A swing voter could well glance at the screen and recall that Clinton heeded the voters, whereas Obama thumbed his nose. After suffering a rebuke in 1994, Clinton backed away from Hillarycare, tax increases, opposition to welfare reform and huge increases in federal spending. With Republicans controlling the Congress, Bill Clinton -- after some resistance and after insisting it couldn't be done -- signed a balanced budget.
The combination of the end of the Cold War and the dot.com bubble gave Clinton's first term respectable economic growth of 3.2 percent. But the real boom came toward the latter half of his second term, after Clinton (reluctantly) signed welfare reform, a dramatic cut in the capital gains tax from 28 percent to 20 percent, and a phased-in reduction in the estate (or death) tax, which exempted estates up to $1 million from $600,000. Clinton lobbied for and got the North American Free Trade Agreement and maintained a strong dollar. With Republicans in Congress demanding spending restraint, the federal government -- younger readers may be incredulous -- ran a surplus.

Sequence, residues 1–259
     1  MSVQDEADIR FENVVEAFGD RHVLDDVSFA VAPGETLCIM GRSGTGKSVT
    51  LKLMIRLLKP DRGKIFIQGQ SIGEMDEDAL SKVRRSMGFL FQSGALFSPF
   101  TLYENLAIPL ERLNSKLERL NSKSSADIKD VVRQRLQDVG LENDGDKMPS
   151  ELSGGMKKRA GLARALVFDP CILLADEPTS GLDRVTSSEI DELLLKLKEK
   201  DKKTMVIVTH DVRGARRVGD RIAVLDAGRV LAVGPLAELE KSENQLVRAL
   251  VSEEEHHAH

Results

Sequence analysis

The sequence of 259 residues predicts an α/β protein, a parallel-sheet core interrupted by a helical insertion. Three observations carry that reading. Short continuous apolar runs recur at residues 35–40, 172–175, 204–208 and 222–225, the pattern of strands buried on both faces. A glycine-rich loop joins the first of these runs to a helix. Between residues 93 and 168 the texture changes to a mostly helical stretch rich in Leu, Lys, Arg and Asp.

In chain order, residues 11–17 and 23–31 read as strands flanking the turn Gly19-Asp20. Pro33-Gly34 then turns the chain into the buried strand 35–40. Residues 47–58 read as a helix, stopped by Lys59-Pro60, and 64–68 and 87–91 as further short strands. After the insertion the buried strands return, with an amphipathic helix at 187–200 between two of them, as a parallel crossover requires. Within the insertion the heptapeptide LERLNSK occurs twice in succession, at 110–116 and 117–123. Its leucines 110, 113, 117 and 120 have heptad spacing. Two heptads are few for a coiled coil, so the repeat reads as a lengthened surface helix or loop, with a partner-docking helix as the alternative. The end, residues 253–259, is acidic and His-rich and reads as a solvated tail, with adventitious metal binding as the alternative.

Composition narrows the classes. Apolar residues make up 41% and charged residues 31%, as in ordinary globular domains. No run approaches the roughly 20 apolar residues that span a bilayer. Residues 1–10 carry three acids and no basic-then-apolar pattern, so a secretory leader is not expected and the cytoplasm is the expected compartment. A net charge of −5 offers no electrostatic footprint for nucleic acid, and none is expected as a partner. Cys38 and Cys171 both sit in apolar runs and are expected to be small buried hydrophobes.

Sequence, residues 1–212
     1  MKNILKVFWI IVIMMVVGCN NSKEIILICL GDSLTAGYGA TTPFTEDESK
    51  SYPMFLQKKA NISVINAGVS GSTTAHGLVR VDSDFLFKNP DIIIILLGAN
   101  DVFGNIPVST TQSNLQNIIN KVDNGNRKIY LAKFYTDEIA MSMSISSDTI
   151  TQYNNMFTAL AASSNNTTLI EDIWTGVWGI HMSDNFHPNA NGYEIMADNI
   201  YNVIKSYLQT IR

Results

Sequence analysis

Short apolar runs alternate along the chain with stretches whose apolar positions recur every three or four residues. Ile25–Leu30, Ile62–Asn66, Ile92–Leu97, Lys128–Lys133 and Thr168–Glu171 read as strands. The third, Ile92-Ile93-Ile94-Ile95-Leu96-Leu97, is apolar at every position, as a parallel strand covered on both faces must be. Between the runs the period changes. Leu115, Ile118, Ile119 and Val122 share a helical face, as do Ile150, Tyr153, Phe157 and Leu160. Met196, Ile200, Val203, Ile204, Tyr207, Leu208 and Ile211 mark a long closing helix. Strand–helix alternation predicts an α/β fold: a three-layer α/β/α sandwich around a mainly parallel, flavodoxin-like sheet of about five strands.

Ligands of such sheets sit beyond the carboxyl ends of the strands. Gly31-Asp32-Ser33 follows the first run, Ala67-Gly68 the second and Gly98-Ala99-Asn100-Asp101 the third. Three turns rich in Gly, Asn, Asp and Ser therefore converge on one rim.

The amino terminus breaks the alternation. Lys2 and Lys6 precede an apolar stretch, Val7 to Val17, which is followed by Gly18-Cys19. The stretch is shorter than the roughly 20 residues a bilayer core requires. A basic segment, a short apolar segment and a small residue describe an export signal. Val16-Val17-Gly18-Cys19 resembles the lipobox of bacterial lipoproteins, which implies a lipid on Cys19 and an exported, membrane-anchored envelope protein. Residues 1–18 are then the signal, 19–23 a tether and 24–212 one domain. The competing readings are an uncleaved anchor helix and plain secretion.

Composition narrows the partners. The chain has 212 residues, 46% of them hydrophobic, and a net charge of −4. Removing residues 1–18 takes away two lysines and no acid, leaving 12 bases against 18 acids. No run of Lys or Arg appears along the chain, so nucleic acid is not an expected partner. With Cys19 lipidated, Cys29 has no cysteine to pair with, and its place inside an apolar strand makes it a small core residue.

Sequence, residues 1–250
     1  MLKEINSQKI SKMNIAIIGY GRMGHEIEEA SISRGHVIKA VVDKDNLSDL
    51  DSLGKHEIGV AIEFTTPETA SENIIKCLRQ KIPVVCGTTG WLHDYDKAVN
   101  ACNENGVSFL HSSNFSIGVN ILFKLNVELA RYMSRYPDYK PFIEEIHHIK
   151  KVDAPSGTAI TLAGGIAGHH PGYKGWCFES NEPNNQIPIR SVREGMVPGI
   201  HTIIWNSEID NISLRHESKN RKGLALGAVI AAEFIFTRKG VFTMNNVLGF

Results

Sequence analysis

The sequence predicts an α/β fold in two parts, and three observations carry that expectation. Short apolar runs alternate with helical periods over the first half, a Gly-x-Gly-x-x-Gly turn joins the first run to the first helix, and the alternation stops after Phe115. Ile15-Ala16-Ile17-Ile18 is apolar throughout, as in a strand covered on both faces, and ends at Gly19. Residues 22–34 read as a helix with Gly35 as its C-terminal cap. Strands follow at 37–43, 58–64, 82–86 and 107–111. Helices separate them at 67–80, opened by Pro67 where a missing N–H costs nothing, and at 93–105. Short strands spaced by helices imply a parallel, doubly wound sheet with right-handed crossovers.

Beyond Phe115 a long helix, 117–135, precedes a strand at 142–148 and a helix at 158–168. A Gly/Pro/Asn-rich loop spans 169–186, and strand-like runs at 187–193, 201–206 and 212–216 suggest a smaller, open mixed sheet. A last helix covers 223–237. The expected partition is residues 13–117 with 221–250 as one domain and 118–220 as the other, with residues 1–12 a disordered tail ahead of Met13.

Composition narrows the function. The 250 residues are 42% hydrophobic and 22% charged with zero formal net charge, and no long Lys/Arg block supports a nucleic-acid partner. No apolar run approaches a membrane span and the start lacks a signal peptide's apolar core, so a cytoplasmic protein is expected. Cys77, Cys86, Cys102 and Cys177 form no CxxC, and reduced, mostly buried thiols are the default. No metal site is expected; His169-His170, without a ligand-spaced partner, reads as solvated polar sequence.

The results, as Charles Kadlec recalls in Forbes, were impressive. Economic growth jumped to 4.2 percent. Unemployment fell from 5.4 to 4 percent. Average real wages improved. Millions of Americans shared in the general prosperity as their 401(k)s swelled with the rising stock market. Investors responded with enthusiasm to the sense that America was a business-friendly country. Venture capital exploded.
Obama has chosen the exact opposite response to voter disaffection. Unlike Clinton, Obama is a committed leftist. He doubled down on Obamacare, ramming it through in an ugly, totally partisan vote. He refuses to budge on his insistence on tax increases -- though he has himself acknowledged that tax hikes are counterproductive in a weak economy. He has attempted to undo the key feature of welfare reform, the work requirement. And he has presided over the downgrading of America's AAA credit rating as he races heedlessly into crippling levels of federal debt.
Bill Clinton can attempt to perfume Obama's record -- but the truth is that Obama has chosen the exact opposite policies. The results speak more eloquently than either man can.